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- About this Collection
- Background and Scope
- Selected Bibliography
- Digitizing the Collection
- Organization and Arrangement
- Related Resources
- Rights And Restrictions
All images are digitized | All jpegs/tiffs display outside Library of Congress | View All
Organization & Arrangement
The online CSAS collection includes each site described in the "Carnegie Survey" card index, compiled by Johnston and her assistant for the Library of Congress, Prints and Photographs Division, and each negative filed in the Carnegie Survey series (call number code: LC-J7). The two sources usually match, but not always. Some card entries no longer have corresponding negatives, and a few negatives lack entries in the card index. The note "Title from photographer's inventory" indicates that the data in the online record come from this card index. Photographs showing differenct views of the same site are likely to have identical titles. The subject index terms provide access to the distinctive features of the individual images.
The card catalog is arranged alphabetically by state and county and has one entry for each site. The 3 x 5 inch cards are pre-printed forms marked: "Carnegie Survey by Frances Benjamin Johnston." Data categories with typed information include the building's location (state, county, town or vicinity), construction date, subject (name), history, and present owner. The photographer's notes on the cards include historic information as well as key features that caught her eye. Each negative has a unique hand-written "index number" and a date for when the negatives were made. Most of the data was gathered by Johnston, and the Library hired an assistant to prepare the cards under her direction in the 1940s. Library staff have occasionally added information to the cards. Notes, for example, indicate the kind of documentation available for the site in the Historic American Buildings Survey (HABS).
The photographic negatives are also arranged by state and then sequential numbers that seem to indicate when Johnston added the negatives to her file, perhaps reflecting a trip to document buildings in a particular area. For example, one group of negatives showing Frederick County, Maryland, is numbered LC-J7-MD-1123 to 1142 and focuses on the Thurmont area. The other group is numbered LC-J7-MD-1516 to 1526 and shows bridges. The gap in the numbering sequence could indicate that two trips were taken and that the negatives with lower numbers were taken before negatives with higher numbers, but more research is needed to prove this. The negative numbers could also be useful to researchers studying prints at the Library of Congress and other archives. The number was often noted on the backs of the prints and is a link to the CSAS provenance and to a building’s name and location.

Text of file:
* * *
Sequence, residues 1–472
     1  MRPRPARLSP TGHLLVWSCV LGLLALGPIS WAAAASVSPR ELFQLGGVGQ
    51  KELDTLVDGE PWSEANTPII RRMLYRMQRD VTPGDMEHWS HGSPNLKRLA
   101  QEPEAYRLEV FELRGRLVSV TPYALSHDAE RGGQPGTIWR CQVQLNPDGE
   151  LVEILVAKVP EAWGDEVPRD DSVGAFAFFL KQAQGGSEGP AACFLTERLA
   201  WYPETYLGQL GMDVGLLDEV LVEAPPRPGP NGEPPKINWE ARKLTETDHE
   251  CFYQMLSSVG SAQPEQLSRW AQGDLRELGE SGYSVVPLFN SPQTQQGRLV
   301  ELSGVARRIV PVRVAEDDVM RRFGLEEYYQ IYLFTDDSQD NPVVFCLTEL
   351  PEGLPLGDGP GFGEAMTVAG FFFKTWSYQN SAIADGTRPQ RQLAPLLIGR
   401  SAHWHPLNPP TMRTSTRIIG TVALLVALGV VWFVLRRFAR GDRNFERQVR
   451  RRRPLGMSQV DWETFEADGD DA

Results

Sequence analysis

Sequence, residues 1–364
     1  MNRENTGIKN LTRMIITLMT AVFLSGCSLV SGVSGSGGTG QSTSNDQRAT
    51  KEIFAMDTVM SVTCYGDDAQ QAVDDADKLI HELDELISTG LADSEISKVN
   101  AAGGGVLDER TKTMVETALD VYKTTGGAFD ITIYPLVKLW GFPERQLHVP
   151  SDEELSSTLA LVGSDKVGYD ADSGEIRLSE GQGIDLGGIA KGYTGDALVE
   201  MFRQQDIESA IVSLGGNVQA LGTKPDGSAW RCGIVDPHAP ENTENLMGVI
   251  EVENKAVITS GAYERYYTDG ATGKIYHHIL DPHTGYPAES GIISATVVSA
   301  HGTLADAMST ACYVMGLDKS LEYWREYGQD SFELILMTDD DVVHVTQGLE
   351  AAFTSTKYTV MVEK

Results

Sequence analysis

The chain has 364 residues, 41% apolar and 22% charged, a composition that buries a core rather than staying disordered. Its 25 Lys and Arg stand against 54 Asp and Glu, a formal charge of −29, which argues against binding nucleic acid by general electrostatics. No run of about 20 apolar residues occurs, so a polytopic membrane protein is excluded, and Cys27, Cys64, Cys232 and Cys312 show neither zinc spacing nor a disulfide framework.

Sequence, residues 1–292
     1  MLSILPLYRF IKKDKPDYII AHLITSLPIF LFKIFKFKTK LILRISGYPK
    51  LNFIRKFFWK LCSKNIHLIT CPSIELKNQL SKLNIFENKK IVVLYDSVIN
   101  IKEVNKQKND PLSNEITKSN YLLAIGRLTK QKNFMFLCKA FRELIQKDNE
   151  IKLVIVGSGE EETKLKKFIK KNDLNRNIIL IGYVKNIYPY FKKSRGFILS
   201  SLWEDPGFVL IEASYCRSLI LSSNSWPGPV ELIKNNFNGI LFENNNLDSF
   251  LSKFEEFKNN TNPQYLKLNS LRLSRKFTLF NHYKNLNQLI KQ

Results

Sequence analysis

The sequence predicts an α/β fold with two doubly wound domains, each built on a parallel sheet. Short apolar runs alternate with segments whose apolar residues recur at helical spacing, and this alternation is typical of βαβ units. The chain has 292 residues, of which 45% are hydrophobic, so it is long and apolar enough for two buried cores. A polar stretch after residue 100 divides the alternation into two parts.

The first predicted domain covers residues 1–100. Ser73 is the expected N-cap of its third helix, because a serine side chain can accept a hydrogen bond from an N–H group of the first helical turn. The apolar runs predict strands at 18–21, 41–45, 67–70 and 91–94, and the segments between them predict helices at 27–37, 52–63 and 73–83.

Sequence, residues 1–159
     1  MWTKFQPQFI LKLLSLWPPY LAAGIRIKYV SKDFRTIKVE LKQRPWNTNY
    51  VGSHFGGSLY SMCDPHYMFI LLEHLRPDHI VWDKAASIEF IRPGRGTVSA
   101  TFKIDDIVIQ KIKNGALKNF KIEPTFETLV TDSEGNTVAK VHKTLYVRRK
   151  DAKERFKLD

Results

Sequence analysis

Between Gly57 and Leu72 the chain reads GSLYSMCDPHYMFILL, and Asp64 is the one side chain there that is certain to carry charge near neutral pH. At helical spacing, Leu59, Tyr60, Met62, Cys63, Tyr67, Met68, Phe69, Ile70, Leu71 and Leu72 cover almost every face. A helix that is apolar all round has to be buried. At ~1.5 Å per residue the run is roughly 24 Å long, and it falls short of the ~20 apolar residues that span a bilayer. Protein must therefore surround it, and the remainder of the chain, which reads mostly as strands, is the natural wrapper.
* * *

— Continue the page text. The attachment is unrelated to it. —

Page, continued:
Prints in LOTs
Prints from the Carnegie Survey negatives can be found in two types of LOTs (groups of related images). The Library of Congress has a set of 8 x 10-inch contact prints, some made by Johnston and others by the Library itself. In the early 1980s, the Library expanded this set by making prints for more than 400 previously unprinted negatives. A microfiche version of these prints was published by Chadwyck-Healey in 1984. The prints are arranged alphabetically by county within each state. Each state has its own LOT number:
- Alabama (LOT 11833)
- Florida (LOT 11834)
- Georgia (LOT 11835)
- Louisiana (LOT 11836)
- Maryland (LOT 11837)
- Mississippi (LOT 17838)
- North Carolina (LOT 11839)
- South Carolina (LOT 11840)
- Viriginia (LOT 11841)
There is no LOT for Mississippi in the microfiche set because the Library did not receive the negatives for Mississippi.
The Library also has general groups of Johnston's architecture photos containing vintage prints made by or for Johnston during her lifetime. These prints include her commissions for contemporary architects, her garden work, and her Carnegie Survey project. The prints from southern states sometimes bear negative numbers that identify them as part of the Carnegie survey. Each state is represented in two LOTs--one for small prints and one for oversize prints:
- Alabama, Florida, and Georgia (LOT 12623 and LOT 12650)
- Louisiana (LOT 12624 and LOT 12636)
- Maryland (LOT 12645 and LOT 12648)
- Mississippi (LOT 12634 and LOT 12677)
- North Carolina (LOT 12638 and LOT 12649)
- South Carolina (LOT 12642 and LOT 12678)
- Virginia and West Virginia (LOT 12629 and LOT 12643)
These vintage images include cyanotype proof prints, black-and-white gelatin silver prints, enlarged exhibition prints, often 16 x 20 inches, and other formats. The vintage prints are of special interest because they represent how Johnston intended her photographs to be seen. For example, see the play of light and shadow in this view of Richmond in Natchez, Mississippi.